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Ag groups heartened, nervous about Trump's early executive orders

Sara Wyant

WASHINGTON — Since day one in the oval office, Donald Trump has unleashed a flurry of executive orders, met with congressional, business and labor leaders and visited with foreign dignitaries. And he's been tweeting remarks on his personal Twitter feed throughout the day.

"The American dream is back. We're going to create an environment for small business like we haven't had in many, many decades." Trump tweeted after issuing his latest executive order dealing with regulatory reform. That order requires two regulations be revoked before any new one can be advanced.

Many executive actions were taken during Trump's first week, some were heralded by agricultural groups and some made some of those same organizations nervous.

Regulatory reform

Farm and ranch groups are generally supportive of efforts to repeal some of the most burdensome regulations.

Dave Warner, a spokesman for the National Pork Producers Council, told Agri-Pulse that NPPC is generally supportive of the order as a means to make sure farmers, ranchers and business owners "aren't overburdened."

"While there's constantly new regulations added, there's never any taken away," Warner says. "At some point, something's got to give."

But there were also plenty of questions about which regulations would be affected by these orders.

In the legislative process, bills passed by Congress commonly require rulemaking by executive branch agencies. Warner says that rulemaking can get to such a point where regulations might be duplicative or outside the intent of Congress. NPPC isn't necessarily trying to slice current regulations to a lower quota, Warner says, but NPPC members think a healthy look at what's on the books could be a good thing.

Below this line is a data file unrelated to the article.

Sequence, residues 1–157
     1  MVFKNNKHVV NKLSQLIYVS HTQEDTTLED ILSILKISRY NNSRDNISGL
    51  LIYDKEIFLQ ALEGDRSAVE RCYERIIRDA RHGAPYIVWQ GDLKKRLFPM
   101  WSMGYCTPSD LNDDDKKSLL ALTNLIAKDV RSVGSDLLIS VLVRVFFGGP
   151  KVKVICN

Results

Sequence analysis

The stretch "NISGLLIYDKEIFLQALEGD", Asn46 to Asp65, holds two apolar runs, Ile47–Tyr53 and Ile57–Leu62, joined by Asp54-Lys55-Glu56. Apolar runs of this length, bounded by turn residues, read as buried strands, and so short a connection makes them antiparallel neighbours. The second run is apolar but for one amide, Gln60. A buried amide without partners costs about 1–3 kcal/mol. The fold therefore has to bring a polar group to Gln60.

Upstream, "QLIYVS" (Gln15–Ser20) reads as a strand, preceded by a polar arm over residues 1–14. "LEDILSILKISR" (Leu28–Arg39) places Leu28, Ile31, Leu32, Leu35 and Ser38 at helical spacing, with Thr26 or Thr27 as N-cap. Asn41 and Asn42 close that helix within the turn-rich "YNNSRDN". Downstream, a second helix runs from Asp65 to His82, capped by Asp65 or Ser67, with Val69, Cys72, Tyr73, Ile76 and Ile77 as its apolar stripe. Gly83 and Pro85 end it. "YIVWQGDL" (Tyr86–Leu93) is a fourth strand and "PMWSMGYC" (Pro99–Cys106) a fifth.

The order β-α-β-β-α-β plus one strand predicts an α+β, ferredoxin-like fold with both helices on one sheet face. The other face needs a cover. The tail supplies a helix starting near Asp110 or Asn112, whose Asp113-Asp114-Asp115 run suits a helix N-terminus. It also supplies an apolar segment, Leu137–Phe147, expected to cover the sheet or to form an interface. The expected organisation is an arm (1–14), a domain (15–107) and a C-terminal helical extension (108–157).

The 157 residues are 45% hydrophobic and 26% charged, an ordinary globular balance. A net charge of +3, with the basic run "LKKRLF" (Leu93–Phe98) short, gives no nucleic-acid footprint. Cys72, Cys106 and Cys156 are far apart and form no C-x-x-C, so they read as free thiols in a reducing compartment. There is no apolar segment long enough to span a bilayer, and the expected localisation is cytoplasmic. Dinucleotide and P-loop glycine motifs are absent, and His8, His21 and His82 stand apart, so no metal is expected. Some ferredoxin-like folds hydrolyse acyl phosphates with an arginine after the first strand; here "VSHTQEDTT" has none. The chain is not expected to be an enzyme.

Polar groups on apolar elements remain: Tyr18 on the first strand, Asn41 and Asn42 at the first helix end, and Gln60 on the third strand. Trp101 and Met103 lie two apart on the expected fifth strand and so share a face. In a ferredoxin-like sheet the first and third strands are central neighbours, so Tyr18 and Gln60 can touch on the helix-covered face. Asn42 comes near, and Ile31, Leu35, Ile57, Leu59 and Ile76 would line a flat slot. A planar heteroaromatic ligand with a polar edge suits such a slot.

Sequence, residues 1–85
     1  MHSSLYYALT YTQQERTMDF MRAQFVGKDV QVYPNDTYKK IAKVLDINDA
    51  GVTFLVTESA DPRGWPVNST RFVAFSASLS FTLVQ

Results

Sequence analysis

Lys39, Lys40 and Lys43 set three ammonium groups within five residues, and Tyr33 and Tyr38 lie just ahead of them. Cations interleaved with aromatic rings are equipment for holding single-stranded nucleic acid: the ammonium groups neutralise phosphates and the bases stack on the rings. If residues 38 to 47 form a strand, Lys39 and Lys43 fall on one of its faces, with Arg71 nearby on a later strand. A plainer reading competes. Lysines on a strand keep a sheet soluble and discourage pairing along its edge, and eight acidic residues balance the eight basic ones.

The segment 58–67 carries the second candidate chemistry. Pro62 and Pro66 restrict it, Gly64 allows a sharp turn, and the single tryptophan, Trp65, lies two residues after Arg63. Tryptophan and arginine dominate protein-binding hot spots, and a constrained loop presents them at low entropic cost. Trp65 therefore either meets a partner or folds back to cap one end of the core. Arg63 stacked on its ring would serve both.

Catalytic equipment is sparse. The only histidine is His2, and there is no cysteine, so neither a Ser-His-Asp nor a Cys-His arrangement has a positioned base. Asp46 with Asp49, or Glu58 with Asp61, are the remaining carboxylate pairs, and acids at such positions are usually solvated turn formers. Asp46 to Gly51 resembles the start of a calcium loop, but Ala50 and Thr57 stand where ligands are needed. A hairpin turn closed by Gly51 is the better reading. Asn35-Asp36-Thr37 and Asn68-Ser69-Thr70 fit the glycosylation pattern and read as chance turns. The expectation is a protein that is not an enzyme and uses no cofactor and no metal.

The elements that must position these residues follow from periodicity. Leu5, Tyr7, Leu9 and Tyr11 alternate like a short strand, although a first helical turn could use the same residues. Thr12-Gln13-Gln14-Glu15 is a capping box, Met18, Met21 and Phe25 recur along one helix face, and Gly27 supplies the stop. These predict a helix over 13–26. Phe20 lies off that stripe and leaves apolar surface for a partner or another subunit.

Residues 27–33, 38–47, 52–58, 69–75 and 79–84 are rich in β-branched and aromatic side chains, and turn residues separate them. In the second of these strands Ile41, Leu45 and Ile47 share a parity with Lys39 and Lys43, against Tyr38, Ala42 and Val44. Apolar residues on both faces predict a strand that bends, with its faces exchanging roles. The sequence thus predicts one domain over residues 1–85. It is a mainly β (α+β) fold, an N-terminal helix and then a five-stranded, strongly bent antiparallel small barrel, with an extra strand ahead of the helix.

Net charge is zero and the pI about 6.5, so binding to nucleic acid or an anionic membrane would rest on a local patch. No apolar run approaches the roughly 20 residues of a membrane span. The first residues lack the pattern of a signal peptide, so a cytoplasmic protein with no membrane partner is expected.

"It's not a matter of numbers ... do they work and are they something that Congress actually asked for?" Warner says.

But others aren't so sure how the order would work in the reality of a government agency.

For example, if a new regulation is produced by the Agriculture Department, would two USDA regulations need to go or would regulations from another department also be up for grabs? What about rulemaking that updates programs but is not a completely new regulation such as annual blending targets for the Renewable Fuel Standard?

The order simply states that whenever a new regulation is promulgated or offered up for public comment, the proposing agency or department "shall identify at least two existing regulations to be repealed."

"To the extent this stays in place and doesn't get modified, you're going to have a lot of people at a lot of agencies and outside organizations digging through to see where there's any dead weight that would be easy to throw overboard," says Ferd Hoefner, with the National Sustainable Agriculture Coalition.

Trade worries

Trump's executive orders on trade are perhaps the most worrisome for the agriculture sector, although the crackdown on illegal immigration could make it even harder to find workers.

One of Trump's first actions was to pull the U.S. of the Trans-Pacific Partnership, a 12-nation trade pact that most U.S. farm groups counted on to help boost sales for producers who are struggling with low prices and rising financial stress.

He also wants to renegotiate the North American Free Trade Agreement, outlining new deals with two of our top trading partners, Canada and Mexico.

The American Farm Bureau Federation predicted that tariff cuts and other measures in just the TPP would net farmers an extra $4.4 billion annually, and the National Cattlemen's Beef Association was counting on the pact to help it compete with Australia for Japan's massive beef demand.

Wheat farmers were also hoping the deal would be approved. "U.S. wheat farmers depend heavily on export demand to determine their per-bushel income," says Jason Scott, chairman of the U.S. Wheat Associates. "We can compete very effectively in Asian and Latin American markets where the demand for high quality wheat is rapidly increasing and our organizations took a long view of the benefits TPP held out — a trade agreement that promoted economic growth abroad as a way to grow export sales and prosperity for farmers at home."

Editor's note: Wyant is president and founder of Agri-Pulse Communications Inc. Agri-Pulse Editors Spencer Chase and Philip Brasher contributed to this report.

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